Chair Lift
A lift that takes skiers and boarders up the mountain, with them sitting on a chair and resting their skis or boards on a bar.
Magic Carpet
A moving carpet that skiers and boarders can stand on, and get taken up a slope.
Rope Lift
A lift where the skiers or boarders have to hold onto a rope which moves and pulls them up a slope.
A lift that pulls skiers and boarders up a slope, with a T shape bar hanging from an overhead cable.
Button Lift / Poma Lift / Platter Lift
A lift that pulls skiers and boarders up a slope, with a button shape attachment hanging from an overhead cable.
A lift where people get into a cabin, and are taken up a mountain. There are many of these on one cable.
Cable Car
A lift where people get into a cabin to be taken up a mountain, but with only one cabin on a cable.
Where an unstable layer of natural snow breaks away and travels down a slope. They can be started naturally or by skiers and snowboarders, and can be of many different sizes and types.
Transceiver / Peeps
A device that is used to locate people when they have be caught in an avalanche, providing they people caught are also carrying the device.
A long pole that is used to precisely location a person caught in an avalanche.
What is carried by skiers and boarders to dig for someone caught in an avalanche.
Skiing where a helicopter takes people to the top of the mountain. Used to go to out of the way off-piste routes.
A race where the skiers have to make relatively small turns, to go through a course.
Giant Slalom
A race where skiers have to make turns about twice as big as in a slalom.
A race where the skiers make bigger faster turns around a course.
The fastest of the races where skiers take almost the fastest route down a mountain.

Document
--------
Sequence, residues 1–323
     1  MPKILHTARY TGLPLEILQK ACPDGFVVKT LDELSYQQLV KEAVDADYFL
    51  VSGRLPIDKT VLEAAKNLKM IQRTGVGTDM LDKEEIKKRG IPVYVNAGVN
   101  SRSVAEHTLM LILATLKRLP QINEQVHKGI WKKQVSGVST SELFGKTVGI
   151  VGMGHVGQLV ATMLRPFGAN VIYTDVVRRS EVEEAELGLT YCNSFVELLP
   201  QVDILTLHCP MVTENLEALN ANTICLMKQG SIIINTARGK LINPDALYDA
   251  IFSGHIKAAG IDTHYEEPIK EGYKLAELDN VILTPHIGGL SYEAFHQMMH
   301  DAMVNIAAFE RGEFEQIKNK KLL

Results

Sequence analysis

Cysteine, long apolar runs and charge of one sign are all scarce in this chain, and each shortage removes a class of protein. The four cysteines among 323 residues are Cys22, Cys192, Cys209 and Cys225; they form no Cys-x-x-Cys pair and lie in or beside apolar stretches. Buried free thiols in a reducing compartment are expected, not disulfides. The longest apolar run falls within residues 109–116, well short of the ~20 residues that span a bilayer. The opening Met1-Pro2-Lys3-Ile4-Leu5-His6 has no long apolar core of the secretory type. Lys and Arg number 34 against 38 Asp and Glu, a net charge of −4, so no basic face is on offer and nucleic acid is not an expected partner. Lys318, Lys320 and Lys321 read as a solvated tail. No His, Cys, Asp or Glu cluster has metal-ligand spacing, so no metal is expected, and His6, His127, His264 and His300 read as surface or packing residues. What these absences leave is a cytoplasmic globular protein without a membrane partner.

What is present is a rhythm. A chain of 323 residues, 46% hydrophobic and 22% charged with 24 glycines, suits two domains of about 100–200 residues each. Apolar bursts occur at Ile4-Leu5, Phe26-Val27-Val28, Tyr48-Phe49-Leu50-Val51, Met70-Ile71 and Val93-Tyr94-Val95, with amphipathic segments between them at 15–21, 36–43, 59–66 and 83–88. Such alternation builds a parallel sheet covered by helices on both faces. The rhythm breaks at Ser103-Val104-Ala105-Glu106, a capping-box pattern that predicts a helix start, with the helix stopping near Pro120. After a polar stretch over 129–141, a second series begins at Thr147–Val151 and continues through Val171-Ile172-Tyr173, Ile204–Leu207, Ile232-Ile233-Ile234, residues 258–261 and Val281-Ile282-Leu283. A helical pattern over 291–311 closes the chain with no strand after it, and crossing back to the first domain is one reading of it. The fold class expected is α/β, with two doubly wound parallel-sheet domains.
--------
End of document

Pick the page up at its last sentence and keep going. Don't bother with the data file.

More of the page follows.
The flags or poles that define a race course.
An area of snow that has a gradient.
The angle of which a surface points downwards at.
To travel across a slope at a right angle to its gradient.
A gradient that is not in the direction of something's length.
Downhill Ski
The ski that is on the downhill side as you go across a slope.
Uphill Ski
The ski that is on the uphill side as you go across a slope.
Outside ski
The ski that is on the outside of a turn.
Inside Ski
The ski on the inside of a turn.
Ski Tips
The front ends of the skis.
The metal strips down the sides of skis and snowboards, that cut into the snow giving us our control.
Uphill Edge
The edge of a ski that is on the uphill side of a slope, when a ski is pointing at least partly across a slope.
Downhill Edge
The edge of a ski that is on the downhill side of a slope, when a ski is pointing at least partly across a slope.
Inside Edges
The edges on the skis that are on the inside of a turn, or in the inside of a snowplough.
Leading Edge
The edge on a ski or snowboard that is in front with respect to the direction of travel.
Trailing Edge
The edge on a ski or snowboard that is at the back with respect to the direction of travel.
Laminate / Laminated
Where a material is made of several sheets of an original material glued together. This produces a far stronger material than the original material was.
A material made from more than one base material, often with a special structure that can affects its strength and properties.
The ability of a material to vibrate significantly from a relatively small amount of input energy. Resonance occurs when the input energy is acting at close to the natural frequency a material.